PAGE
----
Equipment: You'll need a partner or immovable piece of equipment to act as an anchor (e.g. Smith machine, sofa)

  1. Kneel down on a padded mat or cushion. If using a partner, have them grab your ankles. If using an anchor, secure your feet and ankles underneath the anchor. 
  2. Your feet and ankles should be directly behind your knees, torso and shoulders in line with your hips, arms by your sides, and chin tucked under your head. Engage your core.
  3. Squeezing your glutes and hamstrings, slowly lower your torso towards the ground. Make sure to keep your body in a straight line from knees to head.
  4. Go as far down using only your legs as possible, and then place your hands on the floor in front of your chest to catch yourself when you start to fail. 
  5. Reverse the movement by squeezing through your hamstrings to pull your body up. You can use your hands as support if needed.

How to do a leg curl

Level: Beginners to Advanced

Equipment: Seated leg curl machine

  1. Adjust the machine so that your back is flat against the support, knee pad rests on your thighs above the knee, and your ankles rest on top of the padded support. Your legs should be extended with a soft bend in the knee.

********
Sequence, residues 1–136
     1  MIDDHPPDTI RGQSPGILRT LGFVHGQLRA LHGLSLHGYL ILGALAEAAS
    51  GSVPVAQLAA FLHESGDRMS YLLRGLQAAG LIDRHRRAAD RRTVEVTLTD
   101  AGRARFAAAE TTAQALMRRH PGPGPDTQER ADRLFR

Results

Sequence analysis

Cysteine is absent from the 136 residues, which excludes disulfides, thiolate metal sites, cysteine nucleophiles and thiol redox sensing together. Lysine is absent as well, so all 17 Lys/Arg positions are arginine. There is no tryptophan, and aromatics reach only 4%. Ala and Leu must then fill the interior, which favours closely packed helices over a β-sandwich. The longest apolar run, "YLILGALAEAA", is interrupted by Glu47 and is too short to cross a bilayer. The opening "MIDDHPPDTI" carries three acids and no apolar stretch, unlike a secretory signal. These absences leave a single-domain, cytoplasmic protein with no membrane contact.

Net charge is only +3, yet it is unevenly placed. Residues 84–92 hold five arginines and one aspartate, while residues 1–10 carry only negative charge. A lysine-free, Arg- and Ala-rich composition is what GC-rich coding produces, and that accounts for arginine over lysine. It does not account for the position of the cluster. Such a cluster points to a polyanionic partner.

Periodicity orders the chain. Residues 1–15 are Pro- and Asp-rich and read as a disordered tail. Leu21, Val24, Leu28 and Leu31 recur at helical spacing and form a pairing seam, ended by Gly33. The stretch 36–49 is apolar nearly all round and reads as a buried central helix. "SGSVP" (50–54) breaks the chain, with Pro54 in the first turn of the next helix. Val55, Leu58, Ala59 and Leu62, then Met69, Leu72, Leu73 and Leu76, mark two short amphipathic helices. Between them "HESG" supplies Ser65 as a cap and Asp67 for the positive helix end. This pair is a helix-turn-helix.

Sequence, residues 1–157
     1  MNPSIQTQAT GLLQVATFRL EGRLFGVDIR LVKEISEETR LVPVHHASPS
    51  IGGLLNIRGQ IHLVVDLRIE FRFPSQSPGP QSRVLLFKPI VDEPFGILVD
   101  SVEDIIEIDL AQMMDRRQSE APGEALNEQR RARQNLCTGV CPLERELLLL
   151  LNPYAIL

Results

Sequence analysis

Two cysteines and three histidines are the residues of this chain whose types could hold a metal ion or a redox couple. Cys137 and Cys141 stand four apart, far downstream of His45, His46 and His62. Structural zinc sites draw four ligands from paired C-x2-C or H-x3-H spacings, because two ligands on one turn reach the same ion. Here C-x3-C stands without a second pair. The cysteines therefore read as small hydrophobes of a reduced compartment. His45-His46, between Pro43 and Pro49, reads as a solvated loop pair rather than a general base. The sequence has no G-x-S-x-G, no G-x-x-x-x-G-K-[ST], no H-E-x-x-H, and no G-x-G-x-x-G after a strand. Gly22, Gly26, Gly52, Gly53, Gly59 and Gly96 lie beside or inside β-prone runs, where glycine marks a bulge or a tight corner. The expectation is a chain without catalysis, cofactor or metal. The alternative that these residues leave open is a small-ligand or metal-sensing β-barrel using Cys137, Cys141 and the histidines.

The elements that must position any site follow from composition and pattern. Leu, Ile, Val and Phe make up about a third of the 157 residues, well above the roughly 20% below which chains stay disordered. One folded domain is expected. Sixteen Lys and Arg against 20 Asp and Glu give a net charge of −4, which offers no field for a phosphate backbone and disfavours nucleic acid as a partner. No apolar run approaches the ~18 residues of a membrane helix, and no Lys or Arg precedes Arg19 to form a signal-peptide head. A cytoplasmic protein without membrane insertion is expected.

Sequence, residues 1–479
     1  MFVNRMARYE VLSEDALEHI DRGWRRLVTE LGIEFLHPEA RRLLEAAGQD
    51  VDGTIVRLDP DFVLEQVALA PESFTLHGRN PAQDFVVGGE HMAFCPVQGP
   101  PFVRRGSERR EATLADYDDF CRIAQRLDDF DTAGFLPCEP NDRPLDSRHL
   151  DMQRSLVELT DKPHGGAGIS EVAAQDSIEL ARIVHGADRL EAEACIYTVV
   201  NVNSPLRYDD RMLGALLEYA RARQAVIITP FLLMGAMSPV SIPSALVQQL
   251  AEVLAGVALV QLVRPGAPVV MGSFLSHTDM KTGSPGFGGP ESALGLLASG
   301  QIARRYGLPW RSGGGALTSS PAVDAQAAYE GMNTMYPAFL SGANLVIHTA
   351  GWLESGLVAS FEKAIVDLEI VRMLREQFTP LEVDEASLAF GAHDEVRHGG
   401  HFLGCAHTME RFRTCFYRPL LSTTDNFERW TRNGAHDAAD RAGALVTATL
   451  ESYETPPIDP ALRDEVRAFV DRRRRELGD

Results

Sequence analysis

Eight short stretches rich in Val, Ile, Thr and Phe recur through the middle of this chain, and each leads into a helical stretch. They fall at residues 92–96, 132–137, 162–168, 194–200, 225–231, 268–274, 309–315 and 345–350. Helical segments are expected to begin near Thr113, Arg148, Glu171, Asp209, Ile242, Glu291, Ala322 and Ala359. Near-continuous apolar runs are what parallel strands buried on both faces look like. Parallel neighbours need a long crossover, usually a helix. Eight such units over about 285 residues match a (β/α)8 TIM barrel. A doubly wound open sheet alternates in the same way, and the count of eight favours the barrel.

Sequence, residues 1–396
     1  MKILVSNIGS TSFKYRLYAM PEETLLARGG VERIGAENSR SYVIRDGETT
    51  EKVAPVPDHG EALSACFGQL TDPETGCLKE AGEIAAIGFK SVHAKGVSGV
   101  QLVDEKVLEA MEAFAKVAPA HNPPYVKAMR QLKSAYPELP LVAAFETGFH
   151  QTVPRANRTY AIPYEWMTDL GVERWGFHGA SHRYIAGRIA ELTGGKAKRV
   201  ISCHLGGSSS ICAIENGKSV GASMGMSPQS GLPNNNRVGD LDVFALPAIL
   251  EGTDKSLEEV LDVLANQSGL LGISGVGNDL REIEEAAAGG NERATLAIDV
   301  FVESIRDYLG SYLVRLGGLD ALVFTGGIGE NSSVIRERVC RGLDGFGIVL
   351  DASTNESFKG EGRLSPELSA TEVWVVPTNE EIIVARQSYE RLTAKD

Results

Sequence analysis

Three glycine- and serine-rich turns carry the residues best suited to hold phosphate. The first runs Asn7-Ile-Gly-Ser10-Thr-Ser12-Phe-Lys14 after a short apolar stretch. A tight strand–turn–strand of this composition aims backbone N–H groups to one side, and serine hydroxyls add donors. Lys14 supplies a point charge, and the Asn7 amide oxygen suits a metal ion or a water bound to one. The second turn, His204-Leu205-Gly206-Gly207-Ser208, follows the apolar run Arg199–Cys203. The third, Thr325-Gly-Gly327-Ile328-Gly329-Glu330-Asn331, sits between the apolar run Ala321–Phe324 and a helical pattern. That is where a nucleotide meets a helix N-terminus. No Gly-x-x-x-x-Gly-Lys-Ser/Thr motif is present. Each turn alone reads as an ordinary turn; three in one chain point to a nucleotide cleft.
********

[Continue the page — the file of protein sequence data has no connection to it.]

2. Holding the handles for support, curl the ankle support down by bending your knees and bringing your heels towards your glutes. Keep your upper body completely still throughout.
  3. Pause at the bottom of the movement before slowly returning to the starting position.

How to do dumbbell hamstring curls

Level: Beginner to Intermediate

Equipment: Dumbbell

  1. Place a dumbbell on the floor and then lay flat down on your stomach with your feet on either side of the dumbbell.
  2. Pick up the dumbbell with your feet, so that the top of the dumbbell rests on the bottom of your feet.
  3. Slowly pull your heels towards your glutes, making sure to keep the dumbbell resting on top of your feet throughout.  
  4. Stop when the top of the dumbbell is parallel with the ceiling. 
  5. Slowly reverse the movement, stopping just before the dumbbell touches the floor.

How to do banded hamstring curls

Level: Beginner to Intermediate

Equipment: Resistance band

Banded hamstring curls can be done with either a short resistance band looped around both legs, or a long resistance band looped round an anchor. 

  1. If using a short resistance band, loop the band around both ankles and lay flat on your stomach facing downwards, with both legs extended out behind you. If using a long resistance band, wrap one end of the band around an anchor and the other end around your right heel.
  2. Keeping your hips firmly on the floor, raise your right heel towards your glutes. 
  3. Pause at the top, before lowing your foot back to starting position. Repeat for your reps and then swap to the other side.

If you’re not sure if any of the above exercises are suitable for you, please consult your doctor before you start it. Need guidance on how to perform the exercise? Ask a personal trainer at your gym.